My Old Ass (Premieres) — What if you had the chance to talk to your future self? It’s a fantastical idea, yet the fantastical comes true for Elliott (Maisy Stella) during a fateful mushroom trip the summer before college. But her older self (played by Aubrey Plaza) has a peculiar message: Stay away from your crush. Writer-director Megan Park puts an irreverent spin on the time-travel genre and teenage romance alike for this comedic yet heartfelt look at the uncertainty of growing up. Available in person.

Out of My Mind (Family Matinee) — A curious, bubbly nonverbal wheelchair user with cerebral palsy, sixth grader Melody Brooks (Phoebe-Rae Taylor) has an awful lot on her mind: school, friends, boys. The only problem is, not everyone is willing to listen. As she strives to receive mainstream education at her public school with her parents, a new ally, and some assistive technology by her side, Melody relishes the opportunity to make herself truly heard in this compelling tale of belonging directed by Amber Sealey. Available in person.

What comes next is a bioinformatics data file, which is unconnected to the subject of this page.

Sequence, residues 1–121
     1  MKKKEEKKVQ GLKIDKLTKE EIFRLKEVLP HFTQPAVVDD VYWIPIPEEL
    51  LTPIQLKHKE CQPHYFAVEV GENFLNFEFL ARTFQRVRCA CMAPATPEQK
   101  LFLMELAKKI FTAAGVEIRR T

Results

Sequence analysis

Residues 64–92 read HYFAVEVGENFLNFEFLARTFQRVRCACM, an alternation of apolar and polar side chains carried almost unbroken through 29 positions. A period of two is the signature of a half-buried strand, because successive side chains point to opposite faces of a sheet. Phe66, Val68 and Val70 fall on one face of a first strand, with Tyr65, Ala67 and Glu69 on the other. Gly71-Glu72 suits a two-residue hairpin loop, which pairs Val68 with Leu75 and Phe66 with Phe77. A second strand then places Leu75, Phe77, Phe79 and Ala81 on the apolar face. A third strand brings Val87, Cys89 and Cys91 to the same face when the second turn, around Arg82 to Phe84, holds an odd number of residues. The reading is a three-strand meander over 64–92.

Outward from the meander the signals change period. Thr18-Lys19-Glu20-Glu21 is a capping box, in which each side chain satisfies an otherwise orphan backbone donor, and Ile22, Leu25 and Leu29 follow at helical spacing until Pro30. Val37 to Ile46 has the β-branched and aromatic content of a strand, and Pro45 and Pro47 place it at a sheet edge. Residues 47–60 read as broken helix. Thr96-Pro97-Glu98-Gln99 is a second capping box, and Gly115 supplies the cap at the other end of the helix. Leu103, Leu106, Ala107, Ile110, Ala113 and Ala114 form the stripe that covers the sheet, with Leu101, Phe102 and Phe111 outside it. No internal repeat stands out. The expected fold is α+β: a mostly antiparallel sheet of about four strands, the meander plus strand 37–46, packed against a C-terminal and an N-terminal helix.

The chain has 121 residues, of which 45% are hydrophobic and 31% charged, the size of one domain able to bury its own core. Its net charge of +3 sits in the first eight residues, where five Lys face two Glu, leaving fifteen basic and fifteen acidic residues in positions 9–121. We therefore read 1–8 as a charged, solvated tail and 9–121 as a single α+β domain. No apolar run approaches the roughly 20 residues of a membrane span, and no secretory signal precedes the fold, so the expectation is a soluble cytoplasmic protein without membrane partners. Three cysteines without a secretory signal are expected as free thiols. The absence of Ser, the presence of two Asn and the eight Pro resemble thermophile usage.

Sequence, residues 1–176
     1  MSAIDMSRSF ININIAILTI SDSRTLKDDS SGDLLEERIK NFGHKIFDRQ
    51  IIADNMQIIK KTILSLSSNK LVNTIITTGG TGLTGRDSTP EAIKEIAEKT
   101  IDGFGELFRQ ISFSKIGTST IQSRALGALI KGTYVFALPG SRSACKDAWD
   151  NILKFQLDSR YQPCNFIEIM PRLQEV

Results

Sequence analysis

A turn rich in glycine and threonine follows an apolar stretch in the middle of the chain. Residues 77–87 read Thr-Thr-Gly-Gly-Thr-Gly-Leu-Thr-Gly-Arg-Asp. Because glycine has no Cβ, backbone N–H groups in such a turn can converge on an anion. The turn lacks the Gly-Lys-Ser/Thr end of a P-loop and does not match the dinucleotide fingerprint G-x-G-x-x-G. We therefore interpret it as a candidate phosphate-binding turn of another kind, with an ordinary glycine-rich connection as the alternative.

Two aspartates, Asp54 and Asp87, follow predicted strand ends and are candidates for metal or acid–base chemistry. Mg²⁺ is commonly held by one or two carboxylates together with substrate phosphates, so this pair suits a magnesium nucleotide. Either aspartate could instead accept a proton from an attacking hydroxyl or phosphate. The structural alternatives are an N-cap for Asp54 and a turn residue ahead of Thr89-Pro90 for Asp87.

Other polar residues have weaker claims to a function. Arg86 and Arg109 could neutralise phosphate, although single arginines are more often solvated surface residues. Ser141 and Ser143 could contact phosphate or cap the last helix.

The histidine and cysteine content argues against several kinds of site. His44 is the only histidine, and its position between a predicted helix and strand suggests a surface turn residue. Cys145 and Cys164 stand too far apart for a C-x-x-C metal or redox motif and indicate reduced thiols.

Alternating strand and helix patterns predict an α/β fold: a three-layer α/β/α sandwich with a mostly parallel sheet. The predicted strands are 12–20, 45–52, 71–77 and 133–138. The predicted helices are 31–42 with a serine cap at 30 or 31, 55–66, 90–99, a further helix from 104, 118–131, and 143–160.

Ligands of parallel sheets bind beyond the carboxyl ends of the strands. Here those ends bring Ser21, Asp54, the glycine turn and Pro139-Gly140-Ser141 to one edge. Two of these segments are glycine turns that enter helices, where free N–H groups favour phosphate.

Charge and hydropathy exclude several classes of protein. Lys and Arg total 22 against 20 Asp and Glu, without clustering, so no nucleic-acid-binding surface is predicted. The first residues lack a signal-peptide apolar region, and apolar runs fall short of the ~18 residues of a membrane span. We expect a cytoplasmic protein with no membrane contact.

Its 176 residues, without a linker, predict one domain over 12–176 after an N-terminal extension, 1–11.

Sujo (World Cinema Dramatic Competition) — Filmmakers Astrid Rondero and Fernanda Valadez reckon with cycles of family and violence in this evocative portrait of a cartel gunman’s son. Sujo loses his father when he is only four years old. As he comes of age in rural Mexico, amid the violence that took his father’s life, Sujo (Juan Jesús Varela) must contend with his developing morals and determine whether he will follow in his father’s footsteps or carve his own path. Available in person and online.

Suncoast (U.S. Dramatic Competition) — Due to her brother’s serious illness and her mother’s preoccupation with his care, awkward teenager Doris (Nico Parker) finds herself with a strange, double-edged freedom, leading to new friendships and an unexpected connection with an eccentric activist. Set in 2005 Florida against the backdrop of a landmark medical case, this deeply human story of a mother and daughter facing the inconceivable draws inspiration from writer-director Laura Chinn’s own upbringing. Trust us, bring tissues. Available in person and online.